[tahoe-dev] convergent encryption reconsidered -- salting and key-strengthening

zooko zooko at zooko.com
Mon Mar 31 01:37:15 UTC 2008


[This conversation is spanning three mailing lists --  
cryptography at metzdowd.com, p2p-hackers at lists.zooko.com, and tahoe- 
dev at allmydata.org .  Some of the posts have not reached all three of  
those lists.  I've manually added Jerry Leichter and Ivan Krstić to  
the approved-senders set for p2p-hackers and tahoe-dev, so that  
further posts by them will appear on those lists.]

> On Mar 30, 2008, at 3:13 PM, Ivan Krstić wrote:
>
> Unless I'm misunderstanding Zooko's writeup, he's worried about an
> attacker going from a partially-known plaintext (e.g. a form bank
> letter) to a completely-known plaintext by repeating the following
> process:
>
> 1. take partially known plaintext
> 2. make a guess, randomly or more intelligently where possible,
>     about the unknown parts
> 3. take the current integrated partial+guessed plaintext, hash
>     to obtain convergence key
> 4. verify whether that key exists in the storage index
> 5. if yes, you've found the full plaintext. if not, repeat from '2'.
>
> That's a brute force search.

That's right.  Your comparison to normal old brute-force/dictionary  
attack on passwords is a good one, and one that Jim McCoy and Jerry  
Leichter have alluded to as well.

Think of it like this:

Passwords are susceptible to brute-force and/or dictionary attack.   
We can't, in general, prevent attackers from trying guesses at our  
passwords without also preventing users from using them, so instead  
we employ various techniques:

  * salts (to break up the space of targets into subspaces, of which  
at most one can be targeted by a given brute-force attack)
  * key strengthening (to increase by a constant factor the cost of  
checking a password)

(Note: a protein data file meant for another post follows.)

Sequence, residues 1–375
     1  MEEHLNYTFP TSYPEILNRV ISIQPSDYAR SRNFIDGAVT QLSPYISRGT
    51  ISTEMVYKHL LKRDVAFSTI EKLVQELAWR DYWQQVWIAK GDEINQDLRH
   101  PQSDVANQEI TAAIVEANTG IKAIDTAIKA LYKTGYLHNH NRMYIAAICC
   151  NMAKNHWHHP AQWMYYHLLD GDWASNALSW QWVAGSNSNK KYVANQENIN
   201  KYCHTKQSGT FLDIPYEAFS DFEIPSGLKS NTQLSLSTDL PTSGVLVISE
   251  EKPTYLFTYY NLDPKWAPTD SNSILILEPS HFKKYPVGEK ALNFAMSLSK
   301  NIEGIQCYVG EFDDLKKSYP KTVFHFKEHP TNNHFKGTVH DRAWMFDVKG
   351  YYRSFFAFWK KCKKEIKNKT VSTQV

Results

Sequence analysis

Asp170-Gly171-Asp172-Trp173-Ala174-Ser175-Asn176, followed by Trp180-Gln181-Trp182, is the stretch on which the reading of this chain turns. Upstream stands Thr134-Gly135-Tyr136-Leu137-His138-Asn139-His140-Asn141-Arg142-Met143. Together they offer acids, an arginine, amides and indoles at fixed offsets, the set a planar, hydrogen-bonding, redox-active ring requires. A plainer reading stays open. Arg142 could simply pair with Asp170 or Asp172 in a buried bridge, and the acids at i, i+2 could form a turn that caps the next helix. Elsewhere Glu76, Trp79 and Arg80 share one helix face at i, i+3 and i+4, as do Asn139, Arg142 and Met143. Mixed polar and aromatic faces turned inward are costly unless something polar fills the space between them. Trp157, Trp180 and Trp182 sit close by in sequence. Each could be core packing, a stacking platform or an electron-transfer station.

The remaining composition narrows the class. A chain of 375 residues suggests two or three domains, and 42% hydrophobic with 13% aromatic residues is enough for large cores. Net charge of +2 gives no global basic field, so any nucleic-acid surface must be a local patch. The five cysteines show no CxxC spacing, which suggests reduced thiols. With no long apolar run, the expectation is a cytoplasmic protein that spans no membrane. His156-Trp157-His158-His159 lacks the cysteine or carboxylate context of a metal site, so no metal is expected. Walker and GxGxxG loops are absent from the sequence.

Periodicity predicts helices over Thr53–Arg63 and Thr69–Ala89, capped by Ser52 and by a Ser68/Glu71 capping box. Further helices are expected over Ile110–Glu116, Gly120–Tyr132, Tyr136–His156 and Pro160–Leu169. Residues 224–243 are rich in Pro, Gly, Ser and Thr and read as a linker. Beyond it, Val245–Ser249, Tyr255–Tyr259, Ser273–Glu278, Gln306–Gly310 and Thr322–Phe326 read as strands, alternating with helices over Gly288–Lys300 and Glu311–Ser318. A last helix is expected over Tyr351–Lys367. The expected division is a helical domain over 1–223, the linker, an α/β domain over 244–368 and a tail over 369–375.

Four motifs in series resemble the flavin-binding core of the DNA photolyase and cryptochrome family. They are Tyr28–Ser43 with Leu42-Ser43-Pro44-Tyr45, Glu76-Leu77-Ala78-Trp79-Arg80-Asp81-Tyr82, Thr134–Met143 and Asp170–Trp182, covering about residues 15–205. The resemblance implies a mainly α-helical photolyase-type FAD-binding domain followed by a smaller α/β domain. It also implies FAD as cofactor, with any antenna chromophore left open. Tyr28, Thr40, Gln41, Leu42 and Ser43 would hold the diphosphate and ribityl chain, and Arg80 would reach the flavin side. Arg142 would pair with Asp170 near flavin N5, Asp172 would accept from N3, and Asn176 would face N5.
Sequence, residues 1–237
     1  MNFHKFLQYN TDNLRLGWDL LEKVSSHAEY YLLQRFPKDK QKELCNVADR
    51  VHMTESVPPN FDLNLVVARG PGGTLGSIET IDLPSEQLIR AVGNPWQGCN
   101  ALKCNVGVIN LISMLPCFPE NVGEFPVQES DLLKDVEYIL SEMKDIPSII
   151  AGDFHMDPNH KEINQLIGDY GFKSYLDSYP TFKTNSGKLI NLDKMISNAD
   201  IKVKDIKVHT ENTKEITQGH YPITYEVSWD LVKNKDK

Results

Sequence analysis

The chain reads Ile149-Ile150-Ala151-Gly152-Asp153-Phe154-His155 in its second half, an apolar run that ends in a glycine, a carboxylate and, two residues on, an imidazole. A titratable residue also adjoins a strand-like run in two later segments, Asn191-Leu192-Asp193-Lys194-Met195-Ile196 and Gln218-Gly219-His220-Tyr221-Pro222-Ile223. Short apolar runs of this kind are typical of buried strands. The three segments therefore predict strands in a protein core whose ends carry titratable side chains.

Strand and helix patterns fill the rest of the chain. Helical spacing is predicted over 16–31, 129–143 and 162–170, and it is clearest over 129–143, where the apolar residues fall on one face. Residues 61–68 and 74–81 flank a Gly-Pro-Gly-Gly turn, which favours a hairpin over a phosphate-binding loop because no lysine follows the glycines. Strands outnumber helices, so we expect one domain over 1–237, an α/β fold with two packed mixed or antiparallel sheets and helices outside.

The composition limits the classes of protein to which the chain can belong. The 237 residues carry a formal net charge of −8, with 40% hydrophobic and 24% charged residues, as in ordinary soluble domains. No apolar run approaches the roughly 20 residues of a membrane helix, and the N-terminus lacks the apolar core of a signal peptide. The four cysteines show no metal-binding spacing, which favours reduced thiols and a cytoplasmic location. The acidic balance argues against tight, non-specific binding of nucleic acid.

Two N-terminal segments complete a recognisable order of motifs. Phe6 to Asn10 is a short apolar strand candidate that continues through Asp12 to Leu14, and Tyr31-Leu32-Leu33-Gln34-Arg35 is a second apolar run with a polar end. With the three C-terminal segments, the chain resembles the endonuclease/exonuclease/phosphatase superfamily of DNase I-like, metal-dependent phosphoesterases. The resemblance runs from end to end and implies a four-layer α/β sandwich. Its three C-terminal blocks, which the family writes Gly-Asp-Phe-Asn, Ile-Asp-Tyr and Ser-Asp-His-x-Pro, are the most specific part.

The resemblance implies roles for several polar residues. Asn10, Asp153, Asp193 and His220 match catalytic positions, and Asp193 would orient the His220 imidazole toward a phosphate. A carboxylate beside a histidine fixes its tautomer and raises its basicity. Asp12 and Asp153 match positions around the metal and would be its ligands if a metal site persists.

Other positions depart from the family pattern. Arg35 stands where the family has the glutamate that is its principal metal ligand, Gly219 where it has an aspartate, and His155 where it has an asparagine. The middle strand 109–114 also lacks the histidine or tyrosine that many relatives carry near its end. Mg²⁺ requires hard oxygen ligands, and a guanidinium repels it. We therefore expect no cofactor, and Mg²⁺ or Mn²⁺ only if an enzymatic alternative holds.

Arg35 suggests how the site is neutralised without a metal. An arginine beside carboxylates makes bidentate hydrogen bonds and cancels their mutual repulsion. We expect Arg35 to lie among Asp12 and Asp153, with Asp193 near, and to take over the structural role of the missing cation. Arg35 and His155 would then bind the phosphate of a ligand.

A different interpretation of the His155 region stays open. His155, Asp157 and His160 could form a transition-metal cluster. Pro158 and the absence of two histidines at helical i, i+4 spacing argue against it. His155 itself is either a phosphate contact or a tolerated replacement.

* rate-limits for on-line tries (i.e., you get only a small fixed  
number of wrong guesses in a row before you are locked out for a time- 
out period)

However, secrets other than passwords are not usually susceptible to  
such attacks.  You can store your True Name, credit card number, bank  
account number, mother's maiden name, and so forth, on the same  
server as your password, but you don't have to worry about using  
salts or key strengthening on those latter secrets, because the  
server doesn't run a service that allows unauthenticated remote  
people to connect, submit a guess as to their value, and receive  
confirmation, the way it does for your password.  (In other words,  
for such data we generally use an extreme form of the third defense,  
rate-limiting tries -- the number of guesses that an attacker gets is  
limited to none!)

Likewise, if you are going to store or transmit those kinds of  
secrets in encrypted form using a traditional randomly-generated  
encryption key, then you don't have to worry about brute-force/ 
dictionary attacks because your strong randomly-selected symmetric  
encryption key defies them.

The Key Point:

  *** Convergent encryption exposes whatever data is put into it to  
the sorts of attacks that already apply to passwords.


Convergent encryption had been invented, analyzed and used for many  
years, but to the best of my knowledge the first time that anyone  
noticed this issue was March 16 of this year (at 3 AM Chicago Time),  
when Drew Perttula and Brian Warner made that observation.  (Although  
to be fair some of the best-known uses of convergent encryption